Bulding a resiliant company culture doesn't have to be a struggle...
Preventative measures are the best way to create a healthy company culture, which stands in opposition to its evil twin, the toxic company culture. A good hiring manager will be aware of the symptoms of a toxic environment and will work toward combating the insidious behaviors that eat away at productivity, before they become a problem. Behaviors like gossip, political games, and workplace bullying keep people on edge and harm office morale. Fortunately, it’s not as bad as it seems. Here are some guidelines to help managers prevent disintegration and create a company culture based on support and trust.
1. Embrace an Open-Source Culture
The idea behind an open source culture is that individuals gravitate toward what they naturally want to work on. The case for establishing an open-source culture is strong. When top leadership values and nurtures internally cultivated ideas, it demonstrates a culture of respect and reciprocity. By allowing employees more breathing room to work autonomously, good leadership empowers everyone to reach greater professional and personal heights. Autonomy leads to various benefitssuch as higher job satisfaction and reduced turnover and absenteeism, and turns ideas into actionable business solutions.
2. Pay for Achievements, Not Positions
Creating healthy competition based on recognizing your team for the achievements and not titles should be your top priority. Often companies end up overpaying for employees in lofty positions who only grow complacent due to lack of desire to do their best. We recommend compensating based on practical achievements and developing procedures that ensure accountability on all levels.
3. Appreciate Your Employees
A large part of your efforts in creating a strong culture should be dedicated toward building a recognition program that adequately makes employees feel appreciated because genuine praise makes them feel worthy. It’s been proven that appreciation is the single highest measure of workplace engagement. External motivators like money quickly lose their appeal -- much faster than personal accolades, which tap into a person’s values and core beliefs. Appreciation is born of honest praise. Praise should be specific, timely, and genuine.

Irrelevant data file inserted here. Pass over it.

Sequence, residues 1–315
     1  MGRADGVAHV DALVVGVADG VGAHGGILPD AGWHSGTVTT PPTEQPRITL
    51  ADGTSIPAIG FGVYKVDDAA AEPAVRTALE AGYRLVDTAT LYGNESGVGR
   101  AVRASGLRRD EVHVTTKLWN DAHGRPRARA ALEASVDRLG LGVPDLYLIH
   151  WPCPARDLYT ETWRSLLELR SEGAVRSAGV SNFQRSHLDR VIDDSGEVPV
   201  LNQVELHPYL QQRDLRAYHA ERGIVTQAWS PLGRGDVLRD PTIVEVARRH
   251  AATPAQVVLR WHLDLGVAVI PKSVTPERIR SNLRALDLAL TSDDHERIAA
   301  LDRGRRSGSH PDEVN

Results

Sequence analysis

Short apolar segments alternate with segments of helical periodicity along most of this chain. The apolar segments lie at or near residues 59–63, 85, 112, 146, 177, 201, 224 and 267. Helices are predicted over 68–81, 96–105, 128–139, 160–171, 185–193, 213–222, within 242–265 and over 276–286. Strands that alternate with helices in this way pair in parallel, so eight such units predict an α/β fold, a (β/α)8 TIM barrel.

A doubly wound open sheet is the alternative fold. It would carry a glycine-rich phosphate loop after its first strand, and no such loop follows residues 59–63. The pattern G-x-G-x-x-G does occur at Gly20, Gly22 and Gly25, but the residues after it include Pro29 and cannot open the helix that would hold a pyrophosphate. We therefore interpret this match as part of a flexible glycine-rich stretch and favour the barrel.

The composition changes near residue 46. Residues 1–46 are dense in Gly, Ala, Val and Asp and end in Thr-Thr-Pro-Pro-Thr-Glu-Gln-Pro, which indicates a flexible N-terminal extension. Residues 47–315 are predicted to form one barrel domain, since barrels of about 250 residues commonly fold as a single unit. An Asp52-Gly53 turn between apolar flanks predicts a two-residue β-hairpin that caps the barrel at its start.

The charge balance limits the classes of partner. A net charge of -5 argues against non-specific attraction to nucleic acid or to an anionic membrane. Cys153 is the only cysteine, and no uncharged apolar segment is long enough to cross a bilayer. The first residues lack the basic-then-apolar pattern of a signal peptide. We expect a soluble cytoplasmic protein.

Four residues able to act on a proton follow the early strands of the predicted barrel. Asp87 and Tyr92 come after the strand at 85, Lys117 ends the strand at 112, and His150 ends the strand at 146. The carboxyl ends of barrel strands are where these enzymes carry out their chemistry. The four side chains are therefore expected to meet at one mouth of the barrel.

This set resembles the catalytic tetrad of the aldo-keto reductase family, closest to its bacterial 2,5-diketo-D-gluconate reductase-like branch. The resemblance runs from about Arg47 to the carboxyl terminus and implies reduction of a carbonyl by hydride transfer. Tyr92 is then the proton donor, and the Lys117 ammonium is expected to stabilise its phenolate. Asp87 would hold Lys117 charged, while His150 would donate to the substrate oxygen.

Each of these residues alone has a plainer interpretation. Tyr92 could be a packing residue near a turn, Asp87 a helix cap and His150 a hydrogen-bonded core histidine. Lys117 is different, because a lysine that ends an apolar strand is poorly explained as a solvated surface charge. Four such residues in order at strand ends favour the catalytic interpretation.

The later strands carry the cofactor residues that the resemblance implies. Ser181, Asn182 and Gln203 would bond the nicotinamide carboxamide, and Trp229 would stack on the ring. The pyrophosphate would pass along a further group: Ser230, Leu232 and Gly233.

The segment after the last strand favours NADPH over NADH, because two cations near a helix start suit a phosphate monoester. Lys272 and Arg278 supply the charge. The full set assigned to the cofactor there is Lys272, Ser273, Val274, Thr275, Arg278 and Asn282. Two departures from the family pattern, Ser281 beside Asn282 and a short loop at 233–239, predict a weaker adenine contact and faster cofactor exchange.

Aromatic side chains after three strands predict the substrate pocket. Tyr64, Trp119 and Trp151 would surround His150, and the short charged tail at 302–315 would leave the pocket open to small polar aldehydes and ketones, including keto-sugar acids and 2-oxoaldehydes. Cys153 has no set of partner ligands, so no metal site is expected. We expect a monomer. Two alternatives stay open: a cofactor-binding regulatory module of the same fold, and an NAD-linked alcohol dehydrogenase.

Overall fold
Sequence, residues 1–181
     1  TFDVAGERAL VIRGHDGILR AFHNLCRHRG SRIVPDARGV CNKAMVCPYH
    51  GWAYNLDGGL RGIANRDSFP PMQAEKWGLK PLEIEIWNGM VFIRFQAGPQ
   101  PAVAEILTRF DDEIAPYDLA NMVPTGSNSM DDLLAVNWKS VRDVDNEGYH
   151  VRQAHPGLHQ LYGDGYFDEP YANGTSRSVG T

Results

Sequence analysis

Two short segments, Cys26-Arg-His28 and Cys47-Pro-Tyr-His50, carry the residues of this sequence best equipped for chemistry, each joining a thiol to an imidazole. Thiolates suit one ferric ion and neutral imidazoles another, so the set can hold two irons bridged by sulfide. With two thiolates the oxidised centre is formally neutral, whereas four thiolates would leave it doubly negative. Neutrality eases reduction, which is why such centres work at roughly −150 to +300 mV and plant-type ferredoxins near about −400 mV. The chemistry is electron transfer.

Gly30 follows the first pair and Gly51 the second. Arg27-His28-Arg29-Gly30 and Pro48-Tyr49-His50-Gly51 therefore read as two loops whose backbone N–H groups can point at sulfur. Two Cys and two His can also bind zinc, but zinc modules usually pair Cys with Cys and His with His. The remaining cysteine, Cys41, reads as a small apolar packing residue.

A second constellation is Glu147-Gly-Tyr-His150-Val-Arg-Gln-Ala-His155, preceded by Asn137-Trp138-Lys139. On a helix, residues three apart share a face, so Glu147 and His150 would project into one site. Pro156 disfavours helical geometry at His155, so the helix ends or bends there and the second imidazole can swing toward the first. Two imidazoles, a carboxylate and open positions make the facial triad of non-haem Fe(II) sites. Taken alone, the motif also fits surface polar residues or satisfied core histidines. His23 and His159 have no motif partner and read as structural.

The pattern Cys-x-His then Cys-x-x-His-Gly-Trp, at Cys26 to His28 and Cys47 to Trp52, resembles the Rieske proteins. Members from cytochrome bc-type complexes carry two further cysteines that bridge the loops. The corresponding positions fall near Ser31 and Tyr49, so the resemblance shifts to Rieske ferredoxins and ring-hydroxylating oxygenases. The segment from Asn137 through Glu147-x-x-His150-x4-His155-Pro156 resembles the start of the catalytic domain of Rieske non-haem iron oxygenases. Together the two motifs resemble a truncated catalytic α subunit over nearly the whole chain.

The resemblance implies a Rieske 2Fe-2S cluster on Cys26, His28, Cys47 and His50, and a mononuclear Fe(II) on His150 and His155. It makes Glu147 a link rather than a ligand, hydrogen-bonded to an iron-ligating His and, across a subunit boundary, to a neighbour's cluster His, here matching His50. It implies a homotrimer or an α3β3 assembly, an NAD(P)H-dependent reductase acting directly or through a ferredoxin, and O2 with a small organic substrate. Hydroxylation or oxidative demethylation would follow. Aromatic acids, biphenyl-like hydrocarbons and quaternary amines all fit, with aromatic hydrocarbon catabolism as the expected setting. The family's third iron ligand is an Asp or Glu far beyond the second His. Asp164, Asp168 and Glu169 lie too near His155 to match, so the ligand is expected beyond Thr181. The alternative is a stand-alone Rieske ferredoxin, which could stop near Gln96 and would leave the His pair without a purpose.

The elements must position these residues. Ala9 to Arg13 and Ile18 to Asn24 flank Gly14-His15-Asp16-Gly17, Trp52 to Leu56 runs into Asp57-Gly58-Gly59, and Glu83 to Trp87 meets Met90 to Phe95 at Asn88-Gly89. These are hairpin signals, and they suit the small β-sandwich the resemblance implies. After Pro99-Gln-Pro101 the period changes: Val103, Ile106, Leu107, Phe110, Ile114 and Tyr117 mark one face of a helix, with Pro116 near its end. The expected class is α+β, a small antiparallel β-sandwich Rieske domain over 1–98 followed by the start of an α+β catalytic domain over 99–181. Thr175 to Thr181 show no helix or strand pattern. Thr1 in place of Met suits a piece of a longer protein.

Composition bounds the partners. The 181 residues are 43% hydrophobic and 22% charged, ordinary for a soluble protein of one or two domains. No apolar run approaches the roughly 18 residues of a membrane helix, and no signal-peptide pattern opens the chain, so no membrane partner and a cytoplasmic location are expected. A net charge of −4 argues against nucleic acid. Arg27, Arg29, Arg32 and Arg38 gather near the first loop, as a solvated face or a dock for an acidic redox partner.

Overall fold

4. If You Have to Fire, Do It Right
Letting go of your team member can be an emotional process, but as a manager, you must take measures to protect your company’s legal and financial interests. A good progressive discipline policy makes use of documentation to track the necessary steps that lead to termination. Giving early feedback to the underperforming employee will ensure that she knows what is expected of her. Firing should never be done in the heat of the moment, and a fired employee should never feel as though she was not approached early enough with the given directives to improve her performance. Taking your time in doing the right thing will not only make the termination process less painful, it will also preserve your company’s reputation.
5. Develop Mentorship
According to Glass Door, professional growth is the number two reason for accepting a job. Employees want to know that they can advance in their new position. By pairing a seasoned employee with a mentor, you take an interest in that person’s professional growth. Mentorship programs provide substantial benefits to the organization, mentor and protégé. Forbesrecommends matching a mentor with someone that can be groomed for a management role. Provided both parties are invested in the success of the relationship, the agreement struck can form a more collaborative culture and even function as a succession plan.
By following measures provided in this article you will be well on your way to creating a healthy company culture. Health, not toxicity will become your modus operandi, helping you manage from a place of strength, not negativity.
In what ways do you motivate your employees? Have you found any success using these techniques? Share your experience in the comments!
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